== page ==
wife. Advice, support, love, and simply a context for
existence and living is given by each individual's family...and
those around them. At least from a heathen point of view, this
would be the direction I would come at it. Many spouses of
important or high-achieving people have to be enormously strong, for
they sacrifice quite a bit to be married to and living in union with
the person they have married.
Now, using a kindred's chieftain or leader as
an example...more people might know that leader's name. More
people may know of what the leader espouses, what the leader has
accomplished, and what the leader stands for. The leader's
Gefrain may be higher, individually than anyone else in the
kindred. But, only a selfish leader would actually believe he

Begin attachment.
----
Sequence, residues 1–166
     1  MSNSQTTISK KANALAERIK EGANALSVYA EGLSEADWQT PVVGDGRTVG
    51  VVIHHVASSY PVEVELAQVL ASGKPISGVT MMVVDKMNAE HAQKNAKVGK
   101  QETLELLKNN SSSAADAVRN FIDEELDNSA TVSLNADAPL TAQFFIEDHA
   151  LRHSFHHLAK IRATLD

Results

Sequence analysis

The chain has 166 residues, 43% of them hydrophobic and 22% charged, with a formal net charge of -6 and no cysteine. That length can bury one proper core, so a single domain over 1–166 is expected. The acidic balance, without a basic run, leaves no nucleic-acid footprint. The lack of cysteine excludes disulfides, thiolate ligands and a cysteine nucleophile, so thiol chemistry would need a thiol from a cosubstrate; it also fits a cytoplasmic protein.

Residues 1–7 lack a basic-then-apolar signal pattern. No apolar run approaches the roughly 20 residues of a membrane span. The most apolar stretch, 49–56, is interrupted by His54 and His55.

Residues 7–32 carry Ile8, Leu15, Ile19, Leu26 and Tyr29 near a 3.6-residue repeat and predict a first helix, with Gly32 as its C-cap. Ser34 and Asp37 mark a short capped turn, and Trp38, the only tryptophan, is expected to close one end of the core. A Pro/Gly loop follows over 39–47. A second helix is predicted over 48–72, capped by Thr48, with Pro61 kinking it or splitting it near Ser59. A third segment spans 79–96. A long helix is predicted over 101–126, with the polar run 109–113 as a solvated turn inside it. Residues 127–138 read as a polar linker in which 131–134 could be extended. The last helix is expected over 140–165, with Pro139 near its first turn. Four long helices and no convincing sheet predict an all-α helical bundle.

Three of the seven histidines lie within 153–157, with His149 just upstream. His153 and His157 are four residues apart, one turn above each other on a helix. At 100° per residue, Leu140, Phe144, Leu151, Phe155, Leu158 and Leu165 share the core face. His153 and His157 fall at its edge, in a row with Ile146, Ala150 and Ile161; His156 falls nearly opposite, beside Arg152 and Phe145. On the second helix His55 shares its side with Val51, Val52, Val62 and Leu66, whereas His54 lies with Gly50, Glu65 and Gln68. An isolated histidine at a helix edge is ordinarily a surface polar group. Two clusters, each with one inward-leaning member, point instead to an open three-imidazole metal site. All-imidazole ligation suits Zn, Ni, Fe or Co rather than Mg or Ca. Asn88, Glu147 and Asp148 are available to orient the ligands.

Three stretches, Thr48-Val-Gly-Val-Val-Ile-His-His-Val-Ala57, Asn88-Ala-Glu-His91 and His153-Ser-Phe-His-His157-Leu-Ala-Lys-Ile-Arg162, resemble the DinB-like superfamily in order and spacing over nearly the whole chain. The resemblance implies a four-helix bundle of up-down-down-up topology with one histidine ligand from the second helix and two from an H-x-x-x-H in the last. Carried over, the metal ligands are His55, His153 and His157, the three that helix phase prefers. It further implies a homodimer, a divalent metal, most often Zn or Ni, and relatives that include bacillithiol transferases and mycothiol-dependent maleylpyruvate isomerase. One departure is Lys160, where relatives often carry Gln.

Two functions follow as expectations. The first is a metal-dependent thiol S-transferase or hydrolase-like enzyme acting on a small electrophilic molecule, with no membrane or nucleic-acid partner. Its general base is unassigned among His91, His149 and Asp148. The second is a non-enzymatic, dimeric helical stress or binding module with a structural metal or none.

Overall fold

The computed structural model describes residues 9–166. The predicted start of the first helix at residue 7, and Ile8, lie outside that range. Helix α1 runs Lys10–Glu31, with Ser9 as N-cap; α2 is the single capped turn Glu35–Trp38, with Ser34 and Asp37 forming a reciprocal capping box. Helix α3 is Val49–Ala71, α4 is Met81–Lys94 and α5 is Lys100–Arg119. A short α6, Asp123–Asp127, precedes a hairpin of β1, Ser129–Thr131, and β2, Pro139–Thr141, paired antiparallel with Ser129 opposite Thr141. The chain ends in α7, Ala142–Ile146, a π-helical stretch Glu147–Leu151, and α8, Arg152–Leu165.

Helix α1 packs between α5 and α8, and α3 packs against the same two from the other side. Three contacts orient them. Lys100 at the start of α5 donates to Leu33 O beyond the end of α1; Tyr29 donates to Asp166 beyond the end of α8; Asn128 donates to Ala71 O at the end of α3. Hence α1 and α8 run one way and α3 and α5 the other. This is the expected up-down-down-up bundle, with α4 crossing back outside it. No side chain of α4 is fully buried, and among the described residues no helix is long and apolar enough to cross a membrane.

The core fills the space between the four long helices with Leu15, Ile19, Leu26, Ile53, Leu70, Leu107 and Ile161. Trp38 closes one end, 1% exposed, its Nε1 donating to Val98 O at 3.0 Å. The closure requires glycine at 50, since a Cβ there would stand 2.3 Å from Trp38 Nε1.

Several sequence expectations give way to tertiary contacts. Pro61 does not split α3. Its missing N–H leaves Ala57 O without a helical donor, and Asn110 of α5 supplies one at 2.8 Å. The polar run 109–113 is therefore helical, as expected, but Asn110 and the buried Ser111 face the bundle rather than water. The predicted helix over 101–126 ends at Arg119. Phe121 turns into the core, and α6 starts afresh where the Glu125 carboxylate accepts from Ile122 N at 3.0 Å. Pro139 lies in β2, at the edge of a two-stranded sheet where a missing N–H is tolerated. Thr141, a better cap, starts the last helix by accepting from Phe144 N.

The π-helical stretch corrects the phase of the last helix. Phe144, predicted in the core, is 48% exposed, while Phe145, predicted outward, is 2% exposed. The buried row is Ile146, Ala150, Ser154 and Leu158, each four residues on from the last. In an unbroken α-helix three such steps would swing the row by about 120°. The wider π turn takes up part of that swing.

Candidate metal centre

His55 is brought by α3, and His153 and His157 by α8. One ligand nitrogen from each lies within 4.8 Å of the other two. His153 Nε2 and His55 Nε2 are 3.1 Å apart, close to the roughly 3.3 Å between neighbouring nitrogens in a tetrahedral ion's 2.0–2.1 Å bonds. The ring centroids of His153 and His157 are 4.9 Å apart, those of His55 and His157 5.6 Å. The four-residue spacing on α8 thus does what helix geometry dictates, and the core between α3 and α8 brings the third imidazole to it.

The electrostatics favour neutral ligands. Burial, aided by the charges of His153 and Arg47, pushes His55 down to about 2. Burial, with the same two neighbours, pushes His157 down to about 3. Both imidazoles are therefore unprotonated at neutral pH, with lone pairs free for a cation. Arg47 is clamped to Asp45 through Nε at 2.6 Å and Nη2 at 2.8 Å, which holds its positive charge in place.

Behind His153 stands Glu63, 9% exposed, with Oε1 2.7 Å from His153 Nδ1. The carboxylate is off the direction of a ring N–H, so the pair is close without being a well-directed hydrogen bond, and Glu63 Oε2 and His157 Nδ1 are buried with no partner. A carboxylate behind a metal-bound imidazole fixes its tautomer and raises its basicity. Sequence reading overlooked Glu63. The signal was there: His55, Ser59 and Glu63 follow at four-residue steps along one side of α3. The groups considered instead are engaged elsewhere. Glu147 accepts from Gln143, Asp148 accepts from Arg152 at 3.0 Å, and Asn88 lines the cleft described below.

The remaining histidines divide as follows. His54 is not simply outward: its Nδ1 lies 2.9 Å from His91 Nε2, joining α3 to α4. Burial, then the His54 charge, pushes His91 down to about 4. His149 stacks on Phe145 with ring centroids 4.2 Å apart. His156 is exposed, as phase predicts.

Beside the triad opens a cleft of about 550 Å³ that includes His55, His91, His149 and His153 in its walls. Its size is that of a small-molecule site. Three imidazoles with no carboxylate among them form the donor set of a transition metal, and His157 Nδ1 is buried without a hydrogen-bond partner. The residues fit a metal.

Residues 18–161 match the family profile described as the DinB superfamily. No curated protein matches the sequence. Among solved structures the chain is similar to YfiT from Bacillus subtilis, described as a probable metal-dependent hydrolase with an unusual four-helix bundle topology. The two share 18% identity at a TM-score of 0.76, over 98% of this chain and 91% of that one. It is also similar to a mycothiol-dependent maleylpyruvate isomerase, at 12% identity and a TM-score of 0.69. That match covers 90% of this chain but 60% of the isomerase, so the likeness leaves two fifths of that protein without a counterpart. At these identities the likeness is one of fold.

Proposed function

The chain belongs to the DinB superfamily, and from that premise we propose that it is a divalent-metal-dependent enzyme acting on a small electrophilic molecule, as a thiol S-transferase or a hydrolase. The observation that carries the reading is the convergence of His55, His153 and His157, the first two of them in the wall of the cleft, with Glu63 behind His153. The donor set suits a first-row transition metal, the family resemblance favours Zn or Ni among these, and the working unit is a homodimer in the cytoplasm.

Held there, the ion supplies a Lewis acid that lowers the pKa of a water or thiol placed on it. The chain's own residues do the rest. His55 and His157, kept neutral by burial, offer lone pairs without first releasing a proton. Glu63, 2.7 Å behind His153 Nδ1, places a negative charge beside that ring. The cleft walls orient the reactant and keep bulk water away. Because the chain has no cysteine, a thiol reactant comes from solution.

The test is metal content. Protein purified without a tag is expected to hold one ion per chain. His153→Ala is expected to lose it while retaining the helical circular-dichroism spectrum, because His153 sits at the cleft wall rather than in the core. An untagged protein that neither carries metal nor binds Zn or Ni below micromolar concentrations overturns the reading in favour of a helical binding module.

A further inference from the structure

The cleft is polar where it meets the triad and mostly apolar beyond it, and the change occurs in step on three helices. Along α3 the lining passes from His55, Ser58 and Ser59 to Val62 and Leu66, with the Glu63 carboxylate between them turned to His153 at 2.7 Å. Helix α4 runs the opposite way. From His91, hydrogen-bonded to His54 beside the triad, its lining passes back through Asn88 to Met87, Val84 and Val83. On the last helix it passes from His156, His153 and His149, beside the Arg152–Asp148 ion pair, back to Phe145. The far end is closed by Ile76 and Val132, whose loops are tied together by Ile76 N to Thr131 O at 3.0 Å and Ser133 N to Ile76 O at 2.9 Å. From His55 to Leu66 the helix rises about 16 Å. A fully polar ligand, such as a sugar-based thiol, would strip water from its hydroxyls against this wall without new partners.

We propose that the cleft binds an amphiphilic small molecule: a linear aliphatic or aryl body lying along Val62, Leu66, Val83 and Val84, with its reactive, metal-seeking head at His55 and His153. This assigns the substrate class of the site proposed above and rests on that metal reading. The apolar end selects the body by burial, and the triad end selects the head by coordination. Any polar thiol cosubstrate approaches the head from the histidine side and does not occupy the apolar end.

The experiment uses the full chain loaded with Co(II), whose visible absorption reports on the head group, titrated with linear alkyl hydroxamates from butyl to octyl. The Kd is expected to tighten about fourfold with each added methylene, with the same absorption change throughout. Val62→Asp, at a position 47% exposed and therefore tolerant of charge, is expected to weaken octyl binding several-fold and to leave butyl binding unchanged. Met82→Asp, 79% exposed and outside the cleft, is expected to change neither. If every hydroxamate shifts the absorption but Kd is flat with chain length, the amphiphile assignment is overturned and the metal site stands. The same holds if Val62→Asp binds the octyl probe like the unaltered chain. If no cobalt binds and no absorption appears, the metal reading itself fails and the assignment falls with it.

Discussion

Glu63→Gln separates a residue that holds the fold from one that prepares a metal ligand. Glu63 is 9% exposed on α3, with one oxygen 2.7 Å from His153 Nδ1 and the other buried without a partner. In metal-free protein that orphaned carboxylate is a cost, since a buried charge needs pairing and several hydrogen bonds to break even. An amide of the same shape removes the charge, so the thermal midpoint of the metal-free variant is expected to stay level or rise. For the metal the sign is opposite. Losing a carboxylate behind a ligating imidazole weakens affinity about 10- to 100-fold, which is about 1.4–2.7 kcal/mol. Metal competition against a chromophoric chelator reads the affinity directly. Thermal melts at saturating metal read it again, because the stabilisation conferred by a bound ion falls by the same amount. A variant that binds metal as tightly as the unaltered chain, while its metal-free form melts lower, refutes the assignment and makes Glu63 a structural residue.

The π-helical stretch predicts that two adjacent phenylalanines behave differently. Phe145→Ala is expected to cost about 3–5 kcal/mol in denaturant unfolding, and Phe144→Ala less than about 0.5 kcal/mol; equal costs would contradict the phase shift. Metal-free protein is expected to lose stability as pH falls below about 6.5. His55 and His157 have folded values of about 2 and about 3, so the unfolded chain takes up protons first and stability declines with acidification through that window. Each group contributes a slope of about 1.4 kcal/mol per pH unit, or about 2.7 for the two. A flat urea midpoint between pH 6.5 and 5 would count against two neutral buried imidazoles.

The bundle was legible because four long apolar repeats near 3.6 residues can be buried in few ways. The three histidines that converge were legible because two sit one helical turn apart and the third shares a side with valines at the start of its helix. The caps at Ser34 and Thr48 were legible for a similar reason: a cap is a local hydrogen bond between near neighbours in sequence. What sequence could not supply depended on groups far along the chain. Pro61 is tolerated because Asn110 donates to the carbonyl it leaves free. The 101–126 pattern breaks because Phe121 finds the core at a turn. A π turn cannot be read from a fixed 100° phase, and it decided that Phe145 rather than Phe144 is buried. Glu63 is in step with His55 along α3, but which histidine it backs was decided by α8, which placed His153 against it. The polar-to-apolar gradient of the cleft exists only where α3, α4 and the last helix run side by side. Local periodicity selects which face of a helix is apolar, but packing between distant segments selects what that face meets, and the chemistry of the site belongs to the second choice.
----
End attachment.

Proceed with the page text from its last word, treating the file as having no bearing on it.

was solely responsible for this success. Only a selfish leader
would take that credit for himself, and not give credit where credit
is due to his family and his kindred.
Having a spouse involves an oath and a
bond that forms the most sacred of earthly things...the
family. For years, I was the bread-winner and my wife stayed
home and raised the kids. I achieved a lot at work. But,
my wife and I were a team. We share the credit (and the blame)
equally. These days, she's seeing a lot of success in her
professional life. The tide has turned, as it were. And
yet, we are still a team. We are achieving these things
together, even though she is now the more successful
I believe the stanza is saying, is believe in
yourself. Believe in what you can accomplish. The idea
that your family and close friends are helping you with these
accomplishment is unspoken, because for our ancestors it would not
need to be spoken. Believe in the fame and praise that you
rightfully earn...the fame and praise that is rightfully
yours. But, don't believe in the false praise and flattery
offered by others. Don't believe that anyone is going to give
you praise and fame, without you having earned it. At least,
that's my view point on it.
to the main
page ) ( Go to the Next Stanza